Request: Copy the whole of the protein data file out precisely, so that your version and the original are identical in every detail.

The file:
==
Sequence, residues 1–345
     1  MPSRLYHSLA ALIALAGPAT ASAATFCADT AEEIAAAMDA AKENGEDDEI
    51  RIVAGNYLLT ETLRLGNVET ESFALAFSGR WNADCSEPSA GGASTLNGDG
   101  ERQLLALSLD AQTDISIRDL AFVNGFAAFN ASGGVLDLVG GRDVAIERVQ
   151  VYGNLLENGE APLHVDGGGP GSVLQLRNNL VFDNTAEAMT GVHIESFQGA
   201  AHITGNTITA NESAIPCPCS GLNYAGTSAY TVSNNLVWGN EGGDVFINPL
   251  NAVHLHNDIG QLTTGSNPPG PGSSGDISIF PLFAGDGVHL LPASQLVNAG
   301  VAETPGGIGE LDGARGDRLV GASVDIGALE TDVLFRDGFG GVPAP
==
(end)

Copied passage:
Sequence, residues 1–345
     1  MPSRLYHSLA ALIALAGPAT ASAATFCADT AEEIAAAMDA AKENGEDDEI
    51  RIVAGNYLLT ETLRLGNVET ESFALAFSGR WNADCSEPSA GGASTLNGDG
   101  ERQLLALSLD AQTDISIRDL AFVNGFAAFN ASGGVLDLVG GRDVAIERVQ
   151  VYGNLLENGE APLHVDGGGP GSVLQLRNNL VFDNTAEAMT GVHIESFQGA
   201  AHITGNTITA NESAIPCPCS GLNYAGTSAY TVSNNLVWGN EGGDVFINPL
   251  NAVHLHNDIG QLTTGSNPPG PGSSGDISIF PLFAGDGVHL LPASQLVNAG
   301  VAETPGGIGE LDGARGDRLV GASVDIGALE TDVLFRDGFG GVPAP